You're being paranoid. If you spent a moment thinking about the myriad of pathogens and vermin that travel for free on the subway, a momentary brush with some random person's coat is the least of your worries. Take a deep breath and relax.
posted by ambrosia at 12:24 PM on October 4, 2010


You should be more worried about getting bedbugs if you ever stay at the most luxurious five-star hotel in Manhattan.
posted by John Cohen at 12:25 PM on October 4, 2010 [2 favorites]


[few comments removed - if you can't answer the OPs question without tossing in your own zings, please just wait until you can. thanks.]
posted by jessamyn at 12:38 PM on October 4, 2010


You're paranoid, and very very unlikely to get bed bugs. I agree that it seems you are extra-freaking out because the guy is homeless, and that comes across as cruel and unwarranted (a jacket landed on your lap? chill!). But in fairness, I think the others here are dead wrong that a luxury hotel or Park Avenue person is more likely to have bedbugs - bedbugs are prevalent in homeless shelters, and in the event of an infestation, rich people are likely to just throw everything out and buy everything new after spending a fortune on fumigation. Realistically, you are more likely to get bedbugs from a couchsurfer, a traveller staying in a hotel, or someone who buys furniture from craigslist or takes it in off the street (like a college a student). Poor does not equal bedbugs.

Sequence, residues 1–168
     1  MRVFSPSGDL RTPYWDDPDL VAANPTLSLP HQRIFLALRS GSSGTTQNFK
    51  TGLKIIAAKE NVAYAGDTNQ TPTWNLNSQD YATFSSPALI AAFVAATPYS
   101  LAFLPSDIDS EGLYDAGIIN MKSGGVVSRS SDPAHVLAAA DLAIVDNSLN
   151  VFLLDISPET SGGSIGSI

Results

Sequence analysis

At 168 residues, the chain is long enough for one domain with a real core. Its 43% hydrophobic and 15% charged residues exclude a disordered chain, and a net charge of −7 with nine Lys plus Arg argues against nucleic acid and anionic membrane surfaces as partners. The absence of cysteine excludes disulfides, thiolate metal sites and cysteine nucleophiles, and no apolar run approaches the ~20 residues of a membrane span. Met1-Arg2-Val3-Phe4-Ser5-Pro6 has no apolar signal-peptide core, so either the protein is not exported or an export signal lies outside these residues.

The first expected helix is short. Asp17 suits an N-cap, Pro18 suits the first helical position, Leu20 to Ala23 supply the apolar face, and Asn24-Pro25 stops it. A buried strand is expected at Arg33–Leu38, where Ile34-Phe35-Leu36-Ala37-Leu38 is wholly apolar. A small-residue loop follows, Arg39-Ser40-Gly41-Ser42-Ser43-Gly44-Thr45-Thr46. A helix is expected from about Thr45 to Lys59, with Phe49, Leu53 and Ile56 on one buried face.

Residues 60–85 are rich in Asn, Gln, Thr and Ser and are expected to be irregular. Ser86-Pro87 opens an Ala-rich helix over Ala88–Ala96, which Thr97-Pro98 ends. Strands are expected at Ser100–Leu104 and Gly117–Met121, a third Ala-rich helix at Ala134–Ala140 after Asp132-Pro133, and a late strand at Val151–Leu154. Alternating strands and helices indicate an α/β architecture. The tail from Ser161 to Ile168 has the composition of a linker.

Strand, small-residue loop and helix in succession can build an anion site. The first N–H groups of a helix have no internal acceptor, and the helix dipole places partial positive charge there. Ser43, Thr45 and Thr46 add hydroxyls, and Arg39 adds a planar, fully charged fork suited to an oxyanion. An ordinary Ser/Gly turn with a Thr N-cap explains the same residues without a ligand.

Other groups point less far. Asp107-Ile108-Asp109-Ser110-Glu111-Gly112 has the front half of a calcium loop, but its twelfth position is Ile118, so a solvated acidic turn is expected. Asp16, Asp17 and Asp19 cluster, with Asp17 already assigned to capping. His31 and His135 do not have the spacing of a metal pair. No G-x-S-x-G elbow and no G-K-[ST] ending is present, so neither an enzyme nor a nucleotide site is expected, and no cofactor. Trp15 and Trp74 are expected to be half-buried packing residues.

posted by molecicco at 12:39 PM on October 4, 2010 [3 favorites]


Leftover Crack, no stranger to squats/homelessness themselves, suggest that parasitic infestation from contact with others' clothing is common. Then again, they're not the New England Journal of Medicine...